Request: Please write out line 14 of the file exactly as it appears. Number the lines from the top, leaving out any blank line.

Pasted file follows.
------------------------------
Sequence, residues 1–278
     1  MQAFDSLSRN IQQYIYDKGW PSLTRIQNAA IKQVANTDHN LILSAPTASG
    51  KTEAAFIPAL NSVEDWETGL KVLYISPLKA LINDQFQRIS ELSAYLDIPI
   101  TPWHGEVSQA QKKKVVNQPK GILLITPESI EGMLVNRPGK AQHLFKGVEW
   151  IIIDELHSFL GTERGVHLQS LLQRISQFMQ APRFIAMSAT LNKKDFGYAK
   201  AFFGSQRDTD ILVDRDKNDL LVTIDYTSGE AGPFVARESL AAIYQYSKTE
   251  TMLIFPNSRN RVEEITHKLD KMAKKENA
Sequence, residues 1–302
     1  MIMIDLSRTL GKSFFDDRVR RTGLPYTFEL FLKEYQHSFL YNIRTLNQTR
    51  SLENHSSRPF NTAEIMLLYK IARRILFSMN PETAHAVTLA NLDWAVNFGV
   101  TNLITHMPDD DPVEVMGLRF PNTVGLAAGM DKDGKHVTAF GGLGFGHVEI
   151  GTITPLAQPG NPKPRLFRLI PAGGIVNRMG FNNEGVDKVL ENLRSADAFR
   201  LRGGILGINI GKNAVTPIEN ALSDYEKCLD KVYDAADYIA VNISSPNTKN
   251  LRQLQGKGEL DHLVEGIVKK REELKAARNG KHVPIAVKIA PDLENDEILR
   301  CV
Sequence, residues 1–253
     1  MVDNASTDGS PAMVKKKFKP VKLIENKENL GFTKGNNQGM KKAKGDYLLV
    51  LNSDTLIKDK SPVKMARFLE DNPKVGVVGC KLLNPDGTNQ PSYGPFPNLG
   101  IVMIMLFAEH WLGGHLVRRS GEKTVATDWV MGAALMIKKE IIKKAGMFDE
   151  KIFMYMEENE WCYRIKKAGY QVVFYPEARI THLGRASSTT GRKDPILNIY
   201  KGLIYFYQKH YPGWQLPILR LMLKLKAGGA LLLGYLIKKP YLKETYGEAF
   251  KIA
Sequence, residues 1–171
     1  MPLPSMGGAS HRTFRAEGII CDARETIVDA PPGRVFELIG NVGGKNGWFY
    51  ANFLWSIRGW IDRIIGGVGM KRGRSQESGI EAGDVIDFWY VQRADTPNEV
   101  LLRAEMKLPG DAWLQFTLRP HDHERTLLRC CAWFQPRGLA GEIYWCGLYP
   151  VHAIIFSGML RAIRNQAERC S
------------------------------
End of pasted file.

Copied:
   251  LRQLQGKGEL DHLVEGIVKK REELKAARNG KHVPIAVKIA PDLENDEILR